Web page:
Mike Modano to retire a Star

The Dallas Stars will sign Mike Modano to a one-day contract so that he can retire as a member of the team. The deal will be worth $999,999 based on his jersey No. 9. Of course, Modano won't collect the money. Once he puts his name on the contract, he'll retire.

Modano will hold a news conference Friday to announce his retirement.

"Mike Modano will always be the face of this franchise. He means so much to our organization and all of our fans," said general manager Joe Nieuwendyk, also a former teammate. "We wanted to give him the opportunity to retire as a Dallas Star. Mike has given his heart and soul to this game for over 30 years. On behalf of the entire organization and the National Hockey League, we would like to thank him for his dedication."

The 41-year-old decided it was time to end his playing career after 21 years in the NHL, making the announcement on his Facebook page Wednesday, saying: "I've come to the decision that it's time to retire as a player from the NHL."

Modano confirmed the retirement to ESPNDallas.com shortly after that.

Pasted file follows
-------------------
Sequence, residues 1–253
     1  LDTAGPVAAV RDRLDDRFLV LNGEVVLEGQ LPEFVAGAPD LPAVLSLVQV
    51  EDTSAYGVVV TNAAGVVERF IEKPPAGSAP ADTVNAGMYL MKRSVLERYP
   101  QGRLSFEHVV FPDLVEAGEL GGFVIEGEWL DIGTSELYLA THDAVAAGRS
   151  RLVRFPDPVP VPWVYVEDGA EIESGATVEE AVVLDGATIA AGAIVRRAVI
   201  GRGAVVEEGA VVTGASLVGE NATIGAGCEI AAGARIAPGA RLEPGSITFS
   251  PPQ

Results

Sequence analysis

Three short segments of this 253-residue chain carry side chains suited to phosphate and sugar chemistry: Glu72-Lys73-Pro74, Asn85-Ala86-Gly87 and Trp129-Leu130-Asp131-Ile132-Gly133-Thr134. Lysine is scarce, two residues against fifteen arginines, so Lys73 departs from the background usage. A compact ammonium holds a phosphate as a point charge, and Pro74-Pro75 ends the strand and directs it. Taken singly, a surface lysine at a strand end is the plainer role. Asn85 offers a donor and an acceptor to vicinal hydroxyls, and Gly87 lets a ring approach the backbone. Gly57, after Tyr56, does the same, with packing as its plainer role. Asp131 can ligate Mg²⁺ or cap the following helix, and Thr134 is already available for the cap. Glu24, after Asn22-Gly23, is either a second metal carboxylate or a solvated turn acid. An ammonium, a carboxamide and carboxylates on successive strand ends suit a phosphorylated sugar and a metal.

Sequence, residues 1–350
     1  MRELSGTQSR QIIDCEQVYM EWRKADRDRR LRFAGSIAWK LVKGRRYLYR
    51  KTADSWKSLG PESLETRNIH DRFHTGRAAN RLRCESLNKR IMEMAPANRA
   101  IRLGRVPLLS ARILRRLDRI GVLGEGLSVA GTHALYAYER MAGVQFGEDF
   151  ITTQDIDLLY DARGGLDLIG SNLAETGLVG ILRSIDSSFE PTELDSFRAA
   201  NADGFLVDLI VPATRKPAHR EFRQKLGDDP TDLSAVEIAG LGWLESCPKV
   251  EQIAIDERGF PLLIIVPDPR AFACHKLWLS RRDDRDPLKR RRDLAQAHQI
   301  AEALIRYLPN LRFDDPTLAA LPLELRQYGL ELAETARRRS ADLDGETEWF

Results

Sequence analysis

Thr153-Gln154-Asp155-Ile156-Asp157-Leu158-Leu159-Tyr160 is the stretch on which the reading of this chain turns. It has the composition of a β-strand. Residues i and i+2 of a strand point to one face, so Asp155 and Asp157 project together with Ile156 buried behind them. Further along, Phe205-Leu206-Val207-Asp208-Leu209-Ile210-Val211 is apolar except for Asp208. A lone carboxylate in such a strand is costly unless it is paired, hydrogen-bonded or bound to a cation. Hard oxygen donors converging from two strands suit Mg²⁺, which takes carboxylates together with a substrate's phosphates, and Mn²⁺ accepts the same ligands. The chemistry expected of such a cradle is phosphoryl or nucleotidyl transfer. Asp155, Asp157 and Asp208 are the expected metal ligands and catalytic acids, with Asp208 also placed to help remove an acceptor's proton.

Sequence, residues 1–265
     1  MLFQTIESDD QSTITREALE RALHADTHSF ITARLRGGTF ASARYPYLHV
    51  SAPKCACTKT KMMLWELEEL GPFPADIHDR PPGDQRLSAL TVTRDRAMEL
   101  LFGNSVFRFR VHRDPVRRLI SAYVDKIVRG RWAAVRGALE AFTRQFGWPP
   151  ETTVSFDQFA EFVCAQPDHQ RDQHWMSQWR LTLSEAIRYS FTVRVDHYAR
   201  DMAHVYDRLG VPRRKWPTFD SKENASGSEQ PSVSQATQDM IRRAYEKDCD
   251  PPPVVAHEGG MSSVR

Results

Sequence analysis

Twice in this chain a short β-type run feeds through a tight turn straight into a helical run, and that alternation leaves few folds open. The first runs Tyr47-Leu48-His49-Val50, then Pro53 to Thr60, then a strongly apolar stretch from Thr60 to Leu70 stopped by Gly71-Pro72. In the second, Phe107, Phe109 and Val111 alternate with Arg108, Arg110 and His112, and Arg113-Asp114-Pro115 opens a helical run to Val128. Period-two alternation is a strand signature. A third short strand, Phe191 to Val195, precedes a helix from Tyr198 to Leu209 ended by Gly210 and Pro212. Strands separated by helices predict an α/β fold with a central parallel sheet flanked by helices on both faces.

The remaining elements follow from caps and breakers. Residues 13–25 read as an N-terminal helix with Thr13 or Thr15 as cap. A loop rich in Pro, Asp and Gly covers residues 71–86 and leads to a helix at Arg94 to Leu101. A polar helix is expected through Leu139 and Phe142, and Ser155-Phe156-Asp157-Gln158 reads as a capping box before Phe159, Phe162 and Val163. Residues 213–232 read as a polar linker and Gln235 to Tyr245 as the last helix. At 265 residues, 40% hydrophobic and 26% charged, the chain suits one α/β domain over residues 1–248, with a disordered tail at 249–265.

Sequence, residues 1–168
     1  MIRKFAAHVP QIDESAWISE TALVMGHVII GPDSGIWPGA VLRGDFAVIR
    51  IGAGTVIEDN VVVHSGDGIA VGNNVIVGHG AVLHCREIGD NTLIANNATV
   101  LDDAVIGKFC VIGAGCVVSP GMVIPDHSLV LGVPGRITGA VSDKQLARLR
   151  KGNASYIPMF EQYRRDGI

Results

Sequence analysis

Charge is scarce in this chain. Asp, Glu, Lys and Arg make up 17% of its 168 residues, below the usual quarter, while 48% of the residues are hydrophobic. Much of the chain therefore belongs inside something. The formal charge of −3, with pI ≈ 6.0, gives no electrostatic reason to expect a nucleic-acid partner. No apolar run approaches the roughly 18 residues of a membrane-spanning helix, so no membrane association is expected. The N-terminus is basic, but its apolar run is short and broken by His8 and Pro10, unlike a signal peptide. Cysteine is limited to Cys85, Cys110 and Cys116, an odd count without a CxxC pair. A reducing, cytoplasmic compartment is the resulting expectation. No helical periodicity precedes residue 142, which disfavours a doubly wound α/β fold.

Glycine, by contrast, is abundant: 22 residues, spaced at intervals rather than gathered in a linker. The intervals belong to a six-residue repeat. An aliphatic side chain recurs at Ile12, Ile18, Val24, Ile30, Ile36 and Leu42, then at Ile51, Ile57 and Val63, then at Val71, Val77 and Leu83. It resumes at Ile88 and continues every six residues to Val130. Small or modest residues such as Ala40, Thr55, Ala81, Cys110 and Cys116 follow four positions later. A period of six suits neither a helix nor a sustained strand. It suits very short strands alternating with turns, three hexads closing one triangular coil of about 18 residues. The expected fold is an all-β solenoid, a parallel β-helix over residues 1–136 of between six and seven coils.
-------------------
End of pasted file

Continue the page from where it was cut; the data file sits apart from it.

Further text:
"I think I knew in my heart I was done after last season," Modano said. "I had a harder time coming to grips with it than I thought I would. Part of me wanted to play it out and see if anybody had called in July. When that didn't happen, I figured that's pretty much it."

Modano leaves as a soon-to-be Hall of Famer, holding the mark as the all-time points leader and goal scorer among U.S.-born players.

The Michigan native was drafted first overall in 1988 by the Minnesota North Stars and became the face of hockey in Dallas when the organization moved to Texas in 1993.

He played his final home game with the Stars on April 8, 2010, scoring the tying and winning goals in an emotional game. He considers it one of his greatest memories of his hockey career.

Modano ended his career as a banged-up player who had lost a step and some zip off his shot during his one-season stint with his hometown Red Wings. A skate sliced a tendon in his right wrist and limited him to 40 games and career lows with four goals and 15 points with the Red Wings.

Mark Stepneski covers the Stars for ESPNDallas.com. Information from The Associated Press was used in this report.